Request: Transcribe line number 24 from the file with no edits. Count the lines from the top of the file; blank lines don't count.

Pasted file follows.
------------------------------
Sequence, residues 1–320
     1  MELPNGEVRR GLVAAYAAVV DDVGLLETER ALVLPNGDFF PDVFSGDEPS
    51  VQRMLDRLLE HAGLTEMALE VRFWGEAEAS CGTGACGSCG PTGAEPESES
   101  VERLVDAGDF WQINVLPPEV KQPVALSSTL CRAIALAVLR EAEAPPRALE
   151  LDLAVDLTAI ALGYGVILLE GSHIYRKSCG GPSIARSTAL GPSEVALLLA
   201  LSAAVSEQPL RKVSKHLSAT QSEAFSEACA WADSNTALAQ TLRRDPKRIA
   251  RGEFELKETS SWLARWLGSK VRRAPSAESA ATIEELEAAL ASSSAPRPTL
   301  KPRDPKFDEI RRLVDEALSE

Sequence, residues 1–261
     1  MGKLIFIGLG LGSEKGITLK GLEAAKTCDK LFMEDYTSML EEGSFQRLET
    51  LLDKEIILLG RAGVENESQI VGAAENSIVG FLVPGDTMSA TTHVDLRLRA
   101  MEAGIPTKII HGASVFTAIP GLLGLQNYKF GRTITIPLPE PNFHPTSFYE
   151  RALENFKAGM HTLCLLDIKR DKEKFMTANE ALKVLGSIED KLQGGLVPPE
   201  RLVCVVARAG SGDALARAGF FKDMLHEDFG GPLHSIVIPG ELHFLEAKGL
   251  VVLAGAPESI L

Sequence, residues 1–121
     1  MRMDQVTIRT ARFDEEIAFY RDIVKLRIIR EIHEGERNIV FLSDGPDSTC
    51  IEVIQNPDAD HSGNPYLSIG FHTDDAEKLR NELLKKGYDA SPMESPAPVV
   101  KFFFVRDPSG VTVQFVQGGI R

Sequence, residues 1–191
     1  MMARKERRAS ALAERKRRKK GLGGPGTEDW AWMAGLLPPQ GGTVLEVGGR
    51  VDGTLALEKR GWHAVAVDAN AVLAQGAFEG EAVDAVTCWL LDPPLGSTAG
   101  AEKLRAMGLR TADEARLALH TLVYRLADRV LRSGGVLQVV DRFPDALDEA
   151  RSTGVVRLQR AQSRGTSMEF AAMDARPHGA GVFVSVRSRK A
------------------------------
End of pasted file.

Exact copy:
   151  RSTGVVRLQR AQSRGTSMEF AAMDARPHGA GVFVSVRSRK A